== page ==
Remember those train wagons regularly stuck on the Uzbek side of the Tajik fronteir? Well, Tashkent is now drawing those borders up in the sky as well, and assessing fees for crossing.
Uzbekistan and Tajikistan have agreed to charge for flights transiting each other's airspace, Asia-Plus reports, at Tashkent's insistence. Authorities have not yet announced how much the fees will total.
Uzbekistan unilaterally annulled an air traffic agreement with Tajikistan and Kyrgyzstan in late June, asking that pilots from those countries no longer begin descents over Uzbek airspace (prompting some sudden descents into Osh). Tashkent insisted that air traffic controllers from each country take responsibility for their own planes. Previously, air-traffic controllers would help guide planes over their airspace, a common practice throughout the world.
Analysts believe that Uzbekistan’s insistence on the new payment regime is simply another attempt to stifle Tajikistan’s economic growth. Tajik planes must transit Uzbek airspace on almost all of the country’s international routes, and often begin their decent into Khujand’s airport, in the North, over Uzbek airspace.
It’s cotton harvest time again in Tajikistan, and the erstwhile moneymaking sector faces more bad news.
Though government officials repeatedly promise that children are not used to harvest cotton in the late summer and fall, those dubious assurances have fallen on deaf ears in Washington. The US Department of Labor announced on July 19 that it would blacklist Tajik cotton from import into the United States, RFE/RL reports.
Damian Wampler, a spokesman for the U.S. Embassy in Dushanbe, said that "there were credible reports that some officials in the Sughd and Khatlon oblasts used threats and coercion to force children to work in the cotton fields during the 2009 harvest."
In Soviet times, Tajikistan produced up to a million tons of cotton annually. The country produces roughly one-third of those amounts these days. Harvests consistently fall below targets.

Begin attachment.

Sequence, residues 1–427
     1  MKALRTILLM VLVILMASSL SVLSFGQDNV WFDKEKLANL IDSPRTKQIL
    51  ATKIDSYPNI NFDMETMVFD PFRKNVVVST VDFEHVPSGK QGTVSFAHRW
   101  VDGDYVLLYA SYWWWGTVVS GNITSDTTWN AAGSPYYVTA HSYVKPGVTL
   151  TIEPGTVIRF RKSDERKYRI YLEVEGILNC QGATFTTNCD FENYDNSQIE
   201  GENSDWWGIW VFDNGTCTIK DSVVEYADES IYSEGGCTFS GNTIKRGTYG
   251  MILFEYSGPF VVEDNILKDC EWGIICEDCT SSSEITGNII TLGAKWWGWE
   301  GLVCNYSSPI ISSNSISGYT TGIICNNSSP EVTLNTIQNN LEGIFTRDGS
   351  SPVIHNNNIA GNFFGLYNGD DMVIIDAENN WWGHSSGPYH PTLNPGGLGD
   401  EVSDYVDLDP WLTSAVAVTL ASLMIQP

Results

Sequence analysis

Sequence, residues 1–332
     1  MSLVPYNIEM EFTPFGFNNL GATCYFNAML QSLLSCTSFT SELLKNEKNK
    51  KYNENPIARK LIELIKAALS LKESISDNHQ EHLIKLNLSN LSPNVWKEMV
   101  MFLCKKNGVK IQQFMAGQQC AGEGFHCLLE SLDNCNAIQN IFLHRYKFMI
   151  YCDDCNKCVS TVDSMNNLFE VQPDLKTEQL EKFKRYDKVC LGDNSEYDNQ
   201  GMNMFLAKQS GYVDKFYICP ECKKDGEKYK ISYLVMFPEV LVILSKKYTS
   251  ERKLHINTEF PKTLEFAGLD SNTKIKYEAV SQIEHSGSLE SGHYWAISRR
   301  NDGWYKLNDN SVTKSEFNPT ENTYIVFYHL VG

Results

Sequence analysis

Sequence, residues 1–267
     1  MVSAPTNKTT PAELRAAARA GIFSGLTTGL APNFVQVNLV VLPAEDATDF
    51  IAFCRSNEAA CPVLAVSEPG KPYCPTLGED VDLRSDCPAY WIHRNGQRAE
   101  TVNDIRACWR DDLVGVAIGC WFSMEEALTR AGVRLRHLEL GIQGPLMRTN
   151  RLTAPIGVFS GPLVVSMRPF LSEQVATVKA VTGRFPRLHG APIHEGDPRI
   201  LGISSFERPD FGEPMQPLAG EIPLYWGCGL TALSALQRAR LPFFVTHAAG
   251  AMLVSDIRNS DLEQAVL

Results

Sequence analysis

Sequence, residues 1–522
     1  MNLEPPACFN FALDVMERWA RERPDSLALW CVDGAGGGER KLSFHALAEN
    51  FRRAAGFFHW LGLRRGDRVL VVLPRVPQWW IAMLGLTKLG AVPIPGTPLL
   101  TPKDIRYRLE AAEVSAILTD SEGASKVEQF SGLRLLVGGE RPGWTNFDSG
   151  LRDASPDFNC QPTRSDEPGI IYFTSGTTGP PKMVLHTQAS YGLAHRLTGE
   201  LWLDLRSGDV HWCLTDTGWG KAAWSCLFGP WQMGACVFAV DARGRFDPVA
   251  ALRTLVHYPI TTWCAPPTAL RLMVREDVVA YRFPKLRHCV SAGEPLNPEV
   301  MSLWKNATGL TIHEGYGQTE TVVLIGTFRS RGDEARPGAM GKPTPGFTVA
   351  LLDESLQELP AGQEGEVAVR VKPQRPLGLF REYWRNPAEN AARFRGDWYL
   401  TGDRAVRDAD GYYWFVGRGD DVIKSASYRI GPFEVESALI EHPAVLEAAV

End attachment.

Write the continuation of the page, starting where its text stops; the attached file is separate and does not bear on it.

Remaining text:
Osh Mayor Melisbek Myrzakmatov says he has security under control.
Here’s a revelation: Osh Mayor Melisbek Myrzakmatov is also against deploying OSCE international police monitors to his besieged and frightened city. Reports 24.kg:
According to him, most of residents of the southern capital are against bringing in this OSCE group. “I entirely support the citizens and think that we are able to manage the situation on our own,” the city Mayor said.
According to him, now it is necessary to solve one of the most important questions – about restoration of Osh.
Yep, rebuilding; not stopping his security forces from torturing and killing Uzbeks, as impartial observers have widely documented. Isn’t it convenient? Most of what Myrzakmatov wanted gone – including those awkward Uzbek mahallas – was destroyed in the June bloodletting. Guess he’ll have to move that bazaar outside the city, after all.
Myrzakmatov, recall, is a powerful force in Osh. Appointed by former President Kurmanbek Bakiyev, he emerged on the steps of his office a few days after Bakiyev's April 7 ouster and asked his people to show their love. (He failed to disclose how much he paid them.) Since then, despite widely being suspected of complicity in last month's violence, the infirm government in far off Bishkek has been unable to remove him.
He has a growing lobby: the thousands (or more) Kyrgyz who refuse to accept that some of their ethnic kin may have had a role in the violence. Osh sees rallies on almost a daily basis.
Osh will be rebuilt into a “modern metropolis,” moving families whose houses were damaged during last month's violence onto plots outside of town. Many Uzbeks oppose the scheme. They suspect some officials helped organized the June violence, which gutted Uzbek neighborhoods in central Osh, to make way for extravagant modern government buildings and housing projects.